Posted by: cotopaxi | December 7, 2007 2:37 PM

I posted on the "ditching home for the holidays" post below, and noted we stay in hotel rooms.

While we just weren't up to it this year (especially my husband who spent at least 1/2 if not 2/3 of the year in hotel rooms for business travel), we originally forced that issue on my in-laws and now won't visit them any other way (Christmas or not).

The first year we did it, my MIL grumbled non-stop on the run up to Christmas. She seemed to think that we were going to be checking into some sort of mythical spa/resort and dropping by the house for 30 minutes on Christmas Eve. Where we would be doing this, I have no idea - there's really nothing more than basic hotels in the area.

But we were tired of sleeping on my BIL's bed (he's near 30 and still living at home), while he grumbled about sleeping on the sofa. Because honestly, we probably would have rather had the sofa and floor with some cushions. He sleeps in the double-bed he's had since childhood. Our backs are shot after the first night - and we both kept rolling/falling into the long-worn divot and knocking heads.

Not to mention - there's only 1 bathroom. When we're there - it's 6 adults. And then other family with kids come's not amusing.

Oh yeah - my BIL also smokes like a chimney (ick). Our clothes and luggage reek when we get home.

Hotels are a huge relief. We stay at something basic closer to the airport, letting us be more flexible in our arrival/departure times. We'll run our clothes through a dryer with softener sheets to kill the worst of the cigarette smell before we pack them. We don't have to share the bathroom with everyone for morning ablutions. We are also closer to other relatives so we can swing by and have a nice visit with them individually, instead of being trapped at my in-laws remote house and only seeing them for a few hours on Christmas Eve or Christmas Day.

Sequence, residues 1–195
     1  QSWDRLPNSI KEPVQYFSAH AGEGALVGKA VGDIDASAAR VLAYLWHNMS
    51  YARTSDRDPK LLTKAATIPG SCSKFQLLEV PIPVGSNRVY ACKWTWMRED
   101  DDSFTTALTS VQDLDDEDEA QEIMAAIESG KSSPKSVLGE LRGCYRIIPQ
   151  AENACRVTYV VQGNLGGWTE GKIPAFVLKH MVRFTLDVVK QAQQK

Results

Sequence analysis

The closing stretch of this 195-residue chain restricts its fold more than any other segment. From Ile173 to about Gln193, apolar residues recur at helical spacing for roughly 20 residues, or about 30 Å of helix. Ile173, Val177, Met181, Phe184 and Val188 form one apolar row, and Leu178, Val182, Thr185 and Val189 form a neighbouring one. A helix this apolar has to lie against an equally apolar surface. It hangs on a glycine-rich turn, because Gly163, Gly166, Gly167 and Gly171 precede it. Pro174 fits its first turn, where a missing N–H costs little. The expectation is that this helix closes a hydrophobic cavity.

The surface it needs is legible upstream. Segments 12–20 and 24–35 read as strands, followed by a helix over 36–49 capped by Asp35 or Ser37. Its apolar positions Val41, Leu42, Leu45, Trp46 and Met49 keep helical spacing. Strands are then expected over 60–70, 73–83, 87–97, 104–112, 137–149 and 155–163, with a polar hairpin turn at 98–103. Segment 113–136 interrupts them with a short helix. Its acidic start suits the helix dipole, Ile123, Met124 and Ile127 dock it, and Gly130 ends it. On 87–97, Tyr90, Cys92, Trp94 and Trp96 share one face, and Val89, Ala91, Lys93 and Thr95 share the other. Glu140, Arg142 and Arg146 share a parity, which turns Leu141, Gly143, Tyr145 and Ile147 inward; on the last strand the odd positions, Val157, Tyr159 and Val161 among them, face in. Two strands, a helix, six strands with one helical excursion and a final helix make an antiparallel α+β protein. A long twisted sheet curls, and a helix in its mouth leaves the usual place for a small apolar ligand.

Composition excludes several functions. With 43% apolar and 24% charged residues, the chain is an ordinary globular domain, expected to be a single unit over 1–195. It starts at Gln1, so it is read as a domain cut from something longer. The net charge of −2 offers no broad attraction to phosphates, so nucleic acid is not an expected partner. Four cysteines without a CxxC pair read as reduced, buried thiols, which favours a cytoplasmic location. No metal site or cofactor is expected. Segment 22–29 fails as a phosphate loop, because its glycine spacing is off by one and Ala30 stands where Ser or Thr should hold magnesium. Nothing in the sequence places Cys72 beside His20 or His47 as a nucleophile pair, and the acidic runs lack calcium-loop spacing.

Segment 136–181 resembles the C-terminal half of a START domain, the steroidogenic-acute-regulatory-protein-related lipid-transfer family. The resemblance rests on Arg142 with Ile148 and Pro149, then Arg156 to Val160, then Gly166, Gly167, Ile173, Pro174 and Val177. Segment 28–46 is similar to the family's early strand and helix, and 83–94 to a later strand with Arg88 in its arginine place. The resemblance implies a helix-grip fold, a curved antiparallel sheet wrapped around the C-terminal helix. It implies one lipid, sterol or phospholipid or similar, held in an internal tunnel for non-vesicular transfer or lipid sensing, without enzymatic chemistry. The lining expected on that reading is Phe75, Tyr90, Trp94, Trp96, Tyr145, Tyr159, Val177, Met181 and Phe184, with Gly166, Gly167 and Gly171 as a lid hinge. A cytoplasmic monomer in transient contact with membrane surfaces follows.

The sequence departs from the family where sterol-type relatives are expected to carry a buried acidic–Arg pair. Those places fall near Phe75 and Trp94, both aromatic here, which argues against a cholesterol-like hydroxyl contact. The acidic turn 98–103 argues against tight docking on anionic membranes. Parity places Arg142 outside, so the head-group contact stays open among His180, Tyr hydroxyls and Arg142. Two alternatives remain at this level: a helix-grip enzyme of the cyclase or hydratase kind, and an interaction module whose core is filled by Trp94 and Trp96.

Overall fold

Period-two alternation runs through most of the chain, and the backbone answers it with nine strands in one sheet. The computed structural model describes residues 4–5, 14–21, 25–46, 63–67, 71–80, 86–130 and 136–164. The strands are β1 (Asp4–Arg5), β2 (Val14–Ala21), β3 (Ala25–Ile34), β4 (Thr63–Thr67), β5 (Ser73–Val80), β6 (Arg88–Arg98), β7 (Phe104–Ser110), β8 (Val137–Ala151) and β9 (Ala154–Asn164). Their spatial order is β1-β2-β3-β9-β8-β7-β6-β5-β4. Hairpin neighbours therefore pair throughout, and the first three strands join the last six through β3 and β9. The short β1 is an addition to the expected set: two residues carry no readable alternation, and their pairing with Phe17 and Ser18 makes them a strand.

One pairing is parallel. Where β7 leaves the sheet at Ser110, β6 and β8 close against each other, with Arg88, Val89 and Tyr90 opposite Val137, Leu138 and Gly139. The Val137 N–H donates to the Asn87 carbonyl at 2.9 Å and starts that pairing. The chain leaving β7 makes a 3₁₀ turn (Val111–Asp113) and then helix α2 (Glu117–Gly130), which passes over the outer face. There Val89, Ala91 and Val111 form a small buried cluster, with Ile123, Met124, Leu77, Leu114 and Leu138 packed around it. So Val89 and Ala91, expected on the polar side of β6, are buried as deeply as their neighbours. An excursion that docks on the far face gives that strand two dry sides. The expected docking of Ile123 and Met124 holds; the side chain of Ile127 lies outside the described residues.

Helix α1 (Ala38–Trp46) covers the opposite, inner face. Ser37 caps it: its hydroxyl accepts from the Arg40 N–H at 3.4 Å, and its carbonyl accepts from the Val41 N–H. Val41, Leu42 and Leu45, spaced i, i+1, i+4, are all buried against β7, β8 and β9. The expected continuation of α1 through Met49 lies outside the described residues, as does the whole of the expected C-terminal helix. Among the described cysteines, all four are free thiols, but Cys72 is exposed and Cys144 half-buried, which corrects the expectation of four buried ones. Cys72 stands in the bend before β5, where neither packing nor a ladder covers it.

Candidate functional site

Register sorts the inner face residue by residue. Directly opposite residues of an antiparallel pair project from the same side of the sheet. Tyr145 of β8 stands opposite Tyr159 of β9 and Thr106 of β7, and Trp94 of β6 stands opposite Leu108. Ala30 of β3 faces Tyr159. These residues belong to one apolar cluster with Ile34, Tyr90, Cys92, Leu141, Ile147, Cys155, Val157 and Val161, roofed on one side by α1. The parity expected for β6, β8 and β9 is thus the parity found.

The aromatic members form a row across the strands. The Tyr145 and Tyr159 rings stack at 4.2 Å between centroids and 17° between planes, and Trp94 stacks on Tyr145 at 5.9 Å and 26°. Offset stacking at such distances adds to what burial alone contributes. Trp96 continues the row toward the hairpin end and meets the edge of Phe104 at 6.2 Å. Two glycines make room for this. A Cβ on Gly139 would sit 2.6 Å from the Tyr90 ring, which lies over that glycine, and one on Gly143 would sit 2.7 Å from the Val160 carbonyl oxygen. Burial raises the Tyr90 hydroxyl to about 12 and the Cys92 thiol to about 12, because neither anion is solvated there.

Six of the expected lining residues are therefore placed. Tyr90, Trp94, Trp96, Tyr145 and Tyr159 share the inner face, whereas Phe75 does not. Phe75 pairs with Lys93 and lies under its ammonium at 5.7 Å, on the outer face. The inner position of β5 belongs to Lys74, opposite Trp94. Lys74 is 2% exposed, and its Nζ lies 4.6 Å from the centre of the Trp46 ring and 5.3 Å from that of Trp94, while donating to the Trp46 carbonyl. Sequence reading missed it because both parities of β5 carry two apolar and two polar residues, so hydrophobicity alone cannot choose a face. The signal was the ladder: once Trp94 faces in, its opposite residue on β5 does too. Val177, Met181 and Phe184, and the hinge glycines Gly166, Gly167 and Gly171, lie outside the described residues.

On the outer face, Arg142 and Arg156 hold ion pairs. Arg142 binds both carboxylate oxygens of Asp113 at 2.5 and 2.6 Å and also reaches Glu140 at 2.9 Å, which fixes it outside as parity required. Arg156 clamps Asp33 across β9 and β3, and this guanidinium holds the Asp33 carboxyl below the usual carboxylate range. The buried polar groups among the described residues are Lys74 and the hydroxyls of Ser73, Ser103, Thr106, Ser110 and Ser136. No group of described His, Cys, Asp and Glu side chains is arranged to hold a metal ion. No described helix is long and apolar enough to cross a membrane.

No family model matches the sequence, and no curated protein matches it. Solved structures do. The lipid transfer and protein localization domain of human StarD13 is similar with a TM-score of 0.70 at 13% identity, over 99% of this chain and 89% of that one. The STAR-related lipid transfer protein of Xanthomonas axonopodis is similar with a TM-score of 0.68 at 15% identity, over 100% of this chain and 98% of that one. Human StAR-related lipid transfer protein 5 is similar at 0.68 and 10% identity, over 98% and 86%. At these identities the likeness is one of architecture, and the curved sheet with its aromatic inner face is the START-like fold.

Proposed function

My MIL has admitted that it works out better for the house's logistics flow, especially since we offer to stop by and pick up supplies on our way into the house. Not to mention some mornings, we're there before some people are awake, so it's not like we're lolling around in some comfortable room - we're just sleeping and bathing elsewhere.

My family? My parents PAY to put extra family in nearby hotels, so everyone has some space and room. They realize we are no longer teenagers or in our early 20's and need some privacy and space. I love my parents...

Posted by: Chasmosaur1 | December 7, 2007 2:56 PM

For me it really comes down to who's house I am staying at, and who else is going to be there. Available funds do play a role. If the festivities are at my one brother's house, I will stay with him. He has a spare room, and only 2 kids, who are usually pretty quiet in the morning. My other brother has 4 kids, and if I can, I spend the night elseware. He is also closer to hotel options. But, when I visit family on vacation (usually ones that I only see once every 4 or so years, I usually crash with them.

Posted by: rja112 | December 10, 2007 2:43 AM